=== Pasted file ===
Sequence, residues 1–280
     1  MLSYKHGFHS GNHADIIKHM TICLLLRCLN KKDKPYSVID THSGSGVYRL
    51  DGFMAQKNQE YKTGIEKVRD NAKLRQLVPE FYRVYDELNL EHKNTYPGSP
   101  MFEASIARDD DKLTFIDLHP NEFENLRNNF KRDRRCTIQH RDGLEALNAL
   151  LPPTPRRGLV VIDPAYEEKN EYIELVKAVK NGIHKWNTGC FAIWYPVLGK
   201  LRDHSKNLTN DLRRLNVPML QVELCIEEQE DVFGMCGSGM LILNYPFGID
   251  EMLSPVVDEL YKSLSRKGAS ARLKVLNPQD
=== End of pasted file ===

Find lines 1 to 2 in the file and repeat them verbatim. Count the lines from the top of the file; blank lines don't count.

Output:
Sequence, residues 1–280
     1  MLSYKHGFHS GNHADIIKHM TICLLLRCLN KKDKPYSVID THSGSGVYRL